GOZA v. STATE

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GOZA v. STATE
1974 OK CR 228
529 P.2d 996
Case Number: F-74-613
Decided: 12/12/1974
Oklahoma Court of Criminal Appeals

An appeal from the District Court, Bryan County; Joe C. Taylor, Judge.

Chester L. Goza, appellant, was charged, tried before a jury in a two stage proceeding and convicted of the crime of Operating a Motor Vehicle While under the Influence of Intoxicating Liquor, Second and Subsequent Offense. Punishment was assessed at a term of one (1) year in the state penitentiary and a fine of Two Hundred Dollars ($200.00), and he appeals. Judgment and sentence affirmed.

James O. Braly, Durant, for appellant.

Larry Derryberry, Atty. Gen., James L. Swartz, Asst. Atty. Gen., Patrick Kernan, Legal Intern, for appellee.

OPINION

BLISS, Presiding Judge:

¶1 The appellant, Chester L. Goza, hereinafter referred to as defendant, was charged, tried before a jury in a two stage proceeding and convicted in the District Court of Bryan County, Case No. CRF-74-8, for the crime of Operating a Motor Vehicle While under the Influence of Intoxicating Liquor, Second and Subsequent Offense. Punishment was assessed at one (1) year in the State Penitentiary and a fine of Two Hundred Dollars ($200.00). From a judgment and sentence in conformance with said verdict the defendant has perfected his timely appeal.

¶2 The evidence adduced at trial is essentially as follows: Lawrence Bannowsky testified that on January 20, 1974, he was a police officer for the City of Durant, and that at approximately 8:00 P.M. on that date he observed the defendant driving a vehicle with no headlights in an easterly direction on West Alabama Street in Durant, Oklahoma. Officer Bannowsky related that he proceeded to stop the vehicle to advise the driver that the car headlights were not on. After watching the defendant get out of his vehicle, Officer Bannowsky noticed that the defendant was awkward and slow in movement, that he had an aroma of alcoholic beverage about him, that his speech was slurred, and that he had trouble maintaining his balance when he tried to walk. Bannowsky then informed the defendant of the reason for his being stopped, read the defendant his constitutional rights and his right with regard to taking a breathalyzer test. The defendant then stated that he would take the breathalyzer test. After giving the defendant two manual dexterity tests, Officer Bannowsky concluded that the defendant was under the influence of alcohol and transported the defendant to the Sheriff's Office.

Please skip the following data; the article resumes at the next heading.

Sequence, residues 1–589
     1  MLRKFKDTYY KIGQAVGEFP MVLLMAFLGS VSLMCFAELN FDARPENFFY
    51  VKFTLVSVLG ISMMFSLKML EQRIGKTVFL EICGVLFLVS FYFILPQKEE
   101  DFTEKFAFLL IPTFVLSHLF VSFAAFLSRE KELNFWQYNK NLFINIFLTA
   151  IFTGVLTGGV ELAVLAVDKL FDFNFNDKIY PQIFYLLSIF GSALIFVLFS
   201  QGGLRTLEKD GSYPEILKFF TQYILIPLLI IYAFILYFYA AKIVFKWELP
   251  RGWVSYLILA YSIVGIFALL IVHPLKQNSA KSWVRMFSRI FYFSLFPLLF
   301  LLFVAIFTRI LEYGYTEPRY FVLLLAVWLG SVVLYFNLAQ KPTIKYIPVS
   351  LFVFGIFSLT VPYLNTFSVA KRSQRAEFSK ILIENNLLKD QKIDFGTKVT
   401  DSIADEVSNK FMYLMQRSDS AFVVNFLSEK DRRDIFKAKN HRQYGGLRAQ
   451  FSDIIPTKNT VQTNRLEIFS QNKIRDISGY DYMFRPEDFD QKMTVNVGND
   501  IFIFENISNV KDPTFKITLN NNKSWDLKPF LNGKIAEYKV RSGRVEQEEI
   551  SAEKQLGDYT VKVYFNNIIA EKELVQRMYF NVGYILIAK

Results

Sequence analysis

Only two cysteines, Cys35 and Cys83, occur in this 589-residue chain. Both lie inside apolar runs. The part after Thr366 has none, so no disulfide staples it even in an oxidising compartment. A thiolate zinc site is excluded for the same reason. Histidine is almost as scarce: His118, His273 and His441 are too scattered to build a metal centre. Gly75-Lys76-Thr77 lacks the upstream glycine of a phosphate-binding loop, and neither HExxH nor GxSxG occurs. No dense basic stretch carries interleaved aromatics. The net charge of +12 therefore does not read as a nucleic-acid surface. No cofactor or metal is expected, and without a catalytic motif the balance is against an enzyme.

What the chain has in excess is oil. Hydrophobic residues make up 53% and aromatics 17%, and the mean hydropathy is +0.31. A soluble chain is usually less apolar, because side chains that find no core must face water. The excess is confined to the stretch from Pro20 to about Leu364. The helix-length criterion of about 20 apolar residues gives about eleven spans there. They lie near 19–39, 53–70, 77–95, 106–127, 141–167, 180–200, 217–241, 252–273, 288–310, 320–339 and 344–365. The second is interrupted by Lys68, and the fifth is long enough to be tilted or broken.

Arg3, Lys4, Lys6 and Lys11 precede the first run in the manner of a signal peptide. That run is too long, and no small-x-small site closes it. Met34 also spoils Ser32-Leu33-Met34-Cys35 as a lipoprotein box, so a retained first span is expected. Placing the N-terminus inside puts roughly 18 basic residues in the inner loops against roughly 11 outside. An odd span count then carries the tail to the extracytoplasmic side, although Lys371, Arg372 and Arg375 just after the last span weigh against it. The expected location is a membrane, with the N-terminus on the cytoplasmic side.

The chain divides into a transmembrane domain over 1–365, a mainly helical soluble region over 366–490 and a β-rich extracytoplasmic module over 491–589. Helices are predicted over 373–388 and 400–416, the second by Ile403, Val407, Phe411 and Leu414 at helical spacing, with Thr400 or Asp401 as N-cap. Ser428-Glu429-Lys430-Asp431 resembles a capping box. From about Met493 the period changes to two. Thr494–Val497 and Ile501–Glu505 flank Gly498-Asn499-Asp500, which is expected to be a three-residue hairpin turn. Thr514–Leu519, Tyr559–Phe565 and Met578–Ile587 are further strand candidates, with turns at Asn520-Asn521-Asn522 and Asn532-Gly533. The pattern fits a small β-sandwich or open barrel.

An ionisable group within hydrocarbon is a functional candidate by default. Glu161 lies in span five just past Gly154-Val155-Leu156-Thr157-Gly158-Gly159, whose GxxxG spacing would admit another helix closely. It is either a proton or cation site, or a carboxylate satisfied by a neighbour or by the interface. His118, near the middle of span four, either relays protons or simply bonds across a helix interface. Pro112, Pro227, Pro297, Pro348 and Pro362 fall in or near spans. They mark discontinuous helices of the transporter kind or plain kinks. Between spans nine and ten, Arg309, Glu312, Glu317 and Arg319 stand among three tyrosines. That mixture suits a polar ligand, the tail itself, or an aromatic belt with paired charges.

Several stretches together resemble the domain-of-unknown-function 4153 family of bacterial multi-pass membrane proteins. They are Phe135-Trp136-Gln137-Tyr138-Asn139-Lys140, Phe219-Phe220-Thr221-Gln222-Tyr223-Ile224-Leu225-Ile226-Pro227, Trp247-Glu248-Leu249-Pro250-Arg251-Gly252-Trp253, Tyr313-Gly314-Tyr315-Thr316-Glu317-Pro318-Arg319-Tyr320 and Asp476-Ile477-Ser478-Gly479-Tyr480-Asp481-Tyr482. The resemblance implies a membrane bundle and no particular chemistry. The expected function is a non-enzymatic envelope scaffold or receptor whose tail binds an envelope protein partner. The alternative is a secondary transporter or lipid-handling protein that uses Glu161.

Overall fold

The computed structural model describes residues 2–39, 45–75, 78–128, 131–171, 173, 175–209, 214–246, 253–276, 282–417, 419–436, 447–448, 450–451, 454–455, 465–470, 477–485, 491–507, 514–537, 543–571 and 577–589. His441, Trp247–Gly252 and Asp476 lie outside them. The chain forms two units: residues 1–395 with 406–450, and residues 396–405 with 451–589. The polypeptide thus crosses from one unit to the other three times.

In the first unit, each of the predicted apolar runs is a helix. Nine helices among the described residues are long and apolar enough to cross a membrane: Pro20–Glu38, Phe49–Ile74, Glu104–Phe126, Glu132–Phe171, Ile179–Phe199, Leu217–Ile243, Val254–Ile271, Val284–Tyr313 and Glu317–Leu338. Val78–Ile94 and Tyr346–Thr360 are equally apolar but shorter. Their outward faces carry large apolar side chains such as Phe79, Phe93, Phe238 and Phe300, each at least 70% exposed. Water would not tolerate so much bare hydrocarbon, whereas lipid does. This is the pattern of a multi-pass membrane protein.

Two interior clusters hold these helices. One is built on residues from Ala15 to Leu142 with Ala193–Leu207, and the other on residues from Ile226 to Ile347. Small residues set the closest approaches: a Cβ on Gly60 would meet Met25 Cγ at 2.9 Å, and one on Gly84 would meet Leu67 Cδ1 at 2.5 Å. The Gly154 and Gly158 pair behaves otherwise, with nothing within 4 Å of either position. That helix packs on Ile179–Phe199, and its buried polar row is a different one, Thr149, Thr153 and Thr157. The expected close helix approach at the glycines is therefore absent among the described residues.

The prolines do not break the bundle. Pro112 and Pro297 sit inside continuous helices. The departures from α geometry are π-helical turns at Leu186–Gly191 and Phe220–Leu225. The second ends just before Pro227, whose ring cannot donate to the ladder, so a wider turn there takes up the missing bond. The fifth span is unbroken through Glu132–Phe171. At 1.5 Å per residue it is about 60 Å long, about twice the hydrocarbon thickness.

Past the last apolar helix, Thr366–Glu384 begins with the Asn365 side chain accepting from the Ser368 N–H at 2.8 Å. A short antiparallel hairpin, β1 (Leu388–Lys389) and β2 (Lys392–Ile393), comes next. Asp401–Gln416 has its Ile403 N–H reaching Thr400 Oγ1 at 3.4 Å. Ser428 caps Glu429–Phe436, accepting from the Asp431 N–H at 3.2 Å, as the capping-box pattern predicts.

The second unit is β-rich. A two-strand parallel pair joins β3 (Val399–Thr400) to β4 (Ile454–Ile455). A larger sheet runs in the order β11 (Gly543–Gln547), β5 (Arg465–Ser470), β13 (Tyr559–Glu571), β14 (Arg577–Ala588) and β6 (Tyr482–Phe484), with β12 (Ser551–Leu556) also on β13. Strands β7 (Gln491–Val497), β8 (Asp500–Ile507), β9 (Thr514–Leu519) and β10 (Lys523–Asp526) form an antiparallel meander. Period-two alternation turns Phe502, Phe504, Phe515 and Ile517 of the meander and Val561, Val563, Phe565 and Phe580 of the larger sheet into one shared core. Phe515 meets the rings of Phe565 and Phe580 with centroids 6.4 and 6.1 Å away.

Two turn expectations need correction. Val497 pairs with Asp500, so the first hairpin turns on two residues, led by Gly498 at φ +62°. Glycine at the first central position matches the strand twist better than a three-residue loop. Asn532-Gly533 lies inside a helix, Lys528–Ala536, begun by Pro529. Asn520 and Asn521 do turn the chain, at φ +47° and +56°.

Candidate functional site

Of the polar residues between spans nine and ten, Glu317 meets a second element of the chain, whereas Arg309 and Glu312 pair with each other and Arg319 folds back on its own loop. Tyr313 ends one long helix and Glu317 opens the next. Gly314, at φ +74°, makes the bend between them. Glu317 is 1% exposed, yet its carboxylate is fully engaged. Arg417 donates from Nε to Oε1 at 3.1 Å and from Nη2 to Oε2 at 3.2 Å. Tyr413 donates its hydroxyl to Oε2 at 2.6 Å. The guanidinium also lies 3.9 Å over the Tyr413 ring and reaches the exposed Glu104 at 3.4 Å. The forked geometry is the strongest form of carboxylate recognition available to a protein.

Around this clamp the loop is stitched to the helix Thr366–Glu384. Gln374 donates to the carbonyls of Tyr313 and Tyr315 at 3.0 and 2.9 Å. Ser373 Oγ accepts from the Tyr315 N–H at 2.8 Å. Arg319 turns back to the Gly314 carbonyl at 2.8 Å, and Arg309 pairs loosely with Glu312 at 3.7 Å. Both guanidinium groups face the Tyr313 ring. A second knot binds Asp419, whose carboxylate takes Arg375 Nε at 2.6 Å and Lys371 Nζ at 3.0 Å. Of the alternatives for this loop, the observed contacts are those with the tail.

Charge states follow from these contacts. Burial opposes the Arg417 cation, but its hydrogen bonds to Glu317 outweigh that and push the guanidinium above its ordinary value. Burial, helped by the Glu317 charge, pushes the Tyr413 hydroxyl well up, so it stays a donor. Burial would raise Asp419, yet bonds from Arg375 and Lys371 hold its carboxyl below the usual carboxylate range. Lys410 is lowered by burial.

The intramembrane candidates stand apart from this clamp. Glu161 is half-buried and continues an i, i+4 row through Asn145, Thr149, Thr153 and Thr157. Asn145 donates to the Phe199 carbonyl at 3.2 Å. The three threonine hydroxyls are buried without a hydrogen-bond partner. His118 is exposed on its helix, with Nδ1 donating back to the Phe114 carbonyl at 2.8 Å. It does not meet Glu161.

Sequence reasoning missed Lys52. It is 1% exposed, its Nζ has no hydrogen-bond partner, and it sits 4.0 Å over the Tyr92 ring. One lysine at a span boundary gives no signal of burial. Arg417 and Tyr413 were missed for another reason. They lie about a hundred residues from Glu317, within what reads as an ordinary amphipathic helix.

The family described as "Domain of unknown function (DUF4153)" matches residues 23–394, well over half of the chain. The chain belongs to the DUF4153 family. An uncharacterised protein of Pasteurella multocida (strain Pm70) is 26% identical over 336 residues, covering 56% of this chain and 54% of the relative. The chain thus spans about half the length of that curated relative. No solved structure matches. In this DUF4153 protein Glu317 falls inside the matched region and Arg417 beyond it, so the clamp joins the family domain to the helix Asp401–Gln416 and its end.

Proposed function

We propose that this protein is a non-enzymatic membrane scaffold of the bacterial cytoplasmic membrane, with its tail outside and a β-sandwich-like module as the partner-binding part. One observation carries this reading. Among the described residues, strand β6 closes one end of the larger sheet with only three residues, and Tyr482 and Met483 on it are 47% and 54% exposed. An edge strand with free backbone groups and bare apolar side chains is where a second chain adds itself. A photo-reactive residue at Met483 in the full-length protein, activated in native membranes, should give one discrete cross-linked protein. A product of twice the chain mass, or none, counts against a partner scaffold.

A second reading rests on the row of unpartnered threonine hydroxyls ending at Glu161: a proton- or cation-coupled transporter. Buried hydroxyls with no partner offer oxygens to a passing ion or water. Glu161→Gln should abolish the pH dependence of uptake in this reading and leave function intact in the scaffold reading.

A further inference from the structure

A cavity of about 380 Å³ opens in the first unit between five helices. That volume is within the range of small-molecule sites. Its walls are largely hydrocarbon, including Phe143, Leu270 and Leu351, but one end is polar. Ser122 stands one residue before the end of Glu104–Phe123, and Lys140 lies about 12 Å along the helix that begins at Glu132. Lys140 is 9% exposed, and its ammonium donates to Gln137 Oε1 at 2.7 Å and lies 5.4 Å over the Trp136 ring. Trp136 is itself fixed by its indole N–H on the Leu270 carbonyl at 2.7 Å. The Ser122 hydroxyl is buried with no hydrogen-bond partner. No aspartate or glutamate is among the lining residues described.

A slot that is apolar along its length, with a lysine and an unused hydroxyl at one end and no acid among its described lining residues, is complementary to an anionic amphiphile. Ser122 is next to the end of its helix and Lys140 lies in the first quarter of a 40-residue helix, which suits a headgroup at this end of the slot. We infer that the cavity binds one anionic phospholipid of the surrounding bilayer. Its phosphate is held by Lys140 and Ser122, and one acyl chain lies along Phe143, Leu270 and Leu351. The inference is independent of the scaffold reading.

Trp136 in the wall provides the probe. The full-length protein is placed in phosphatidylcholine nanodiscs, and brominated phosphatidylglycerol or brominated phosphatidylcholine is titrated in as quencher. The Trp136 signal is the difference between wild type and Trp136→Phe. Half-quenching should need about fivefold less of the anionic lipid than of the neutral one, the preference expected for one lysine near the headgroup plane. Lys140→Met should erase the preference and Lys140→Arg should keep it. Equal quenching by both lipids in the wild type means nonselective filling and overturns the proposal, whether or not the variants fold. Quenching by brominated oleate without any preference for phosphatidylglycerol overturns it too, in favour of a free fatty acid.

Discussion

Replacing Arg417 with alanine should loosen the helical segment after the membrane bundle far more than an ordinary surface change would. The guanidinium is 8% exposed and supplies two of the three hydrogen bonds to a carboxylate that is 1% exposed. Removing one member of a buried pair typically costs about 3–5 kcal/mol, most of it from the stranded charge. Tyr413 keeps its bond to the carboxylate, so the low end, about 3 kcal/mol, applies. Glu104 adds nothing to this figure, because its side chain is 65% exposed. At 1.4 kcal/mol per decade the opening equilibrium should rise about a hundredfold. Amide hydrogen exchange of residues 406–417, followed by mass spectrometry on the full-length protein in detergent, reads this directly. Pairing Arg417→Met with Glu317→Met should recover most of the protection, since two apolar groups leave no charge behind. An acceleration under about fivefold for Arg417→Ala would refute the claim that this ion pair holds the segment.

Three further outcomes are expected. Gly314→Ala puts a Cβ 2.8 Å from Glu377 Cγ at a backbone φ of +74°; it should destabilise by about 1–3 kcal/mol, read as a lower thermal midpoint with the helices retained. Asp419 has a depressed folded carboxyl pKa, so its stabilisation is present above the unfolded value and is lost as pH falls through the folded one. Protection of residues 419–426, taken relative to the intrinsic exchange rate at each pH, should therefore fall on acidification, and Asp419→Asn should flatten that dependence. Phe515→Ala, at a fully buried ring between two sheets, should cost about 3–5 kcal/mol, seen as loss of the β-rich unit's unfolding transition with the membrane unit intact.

¶3 The State's next witness was Oklahoma Highway Patrol Trooper Bill Johnson who related that on January 20, 1974, he had the occasion to give the defendant a breath analysis test. He related that the test results showed the defendant to have a blood alcohol content of nineteen percent (19%). He further testified that judging from the defendant's physical appearance, he appeared to be intoxicated. The State then rested with reference to the first stage of the proceeding.

¶4 The defendant then testified in his own behalf and related that on the night in question he was in a pickup going east on "that street", but that he had not been drinking at all. He further stated that he passed the dexterity tests and that when Officer Johnson came in he said "Who's gonna take the test? I don't see anybody drunk."

¶5 On rebuttal Officer Johnson stated that when he arrived at the Sheriff's Office to give the breathalyzer test, he asked Bannowsky, "which one is to be tested" since he didn't know who had been driving.

¶6 Defendant's first proposition urges that 47 O.S. 1971 § 11-902 [47-11-902] is unconstitutional in that the provision therein fixing the maximum punishment at five (5) years and a One Thousand Dollar ($1,000) fine constitutes cruel and unusual punishment in violation of the Oklahoma Constitution. With this contention we do not agree. The punishment assessed was well within the limitations provided by said statute. Generally, a sentence imposed within the limitations provided in a statute does not constitute "cruel and unusual punishment" as contemplated by either the United States or Oklahoma Constitution. Skinner v. Page, Okl.Cr., 450 P.2d 222.

¶7 In the instant case defendant has alleged no facts which would justify in finding that he was denied any of his constitutional rights nor does it appear that the punishment assessed was excessive. Suffice it to say that the punishment imposed is well within the range provided by law and does not shock the conscience of the Court. Baker v. State, Okl.Cr., 503 P.2d 583.

¶8 The defendant's second proposition in error contends that the State failed to prove all essential elements of the crime. Again, we disagree. A thorough reading of the transcript reflects that the State proved a prima facie case of the crime charged. Defendant's second proposition is therefore without merit.

¶9 Although defendant submits a third proposition in error, he fails to support same by both argument and citations of authority. This Court has held on many occasions that it is necessary for counsel for defendant not only to assert error, but also to support his contentions with both argument and citations of authority. If that is not done and it is apparent that defendant has been deprived of no fundamental rights, this Court will not search books for authorities to support mere assertions that the trial court erred. McGee v. State, Okl.Cr., 402 P.2d 921 and Sandefur v. State, Okl.Cr., 461 P.2d 954.

¶10 Therefore, after reviewing the record we find that the evidence supports the verdict of the jury and that the record is free of any error which would justify reversal or modification. The judgment and sentence appealed from is, accordingly, affirmed.

BRETT and BUSSEY, JJ., concur.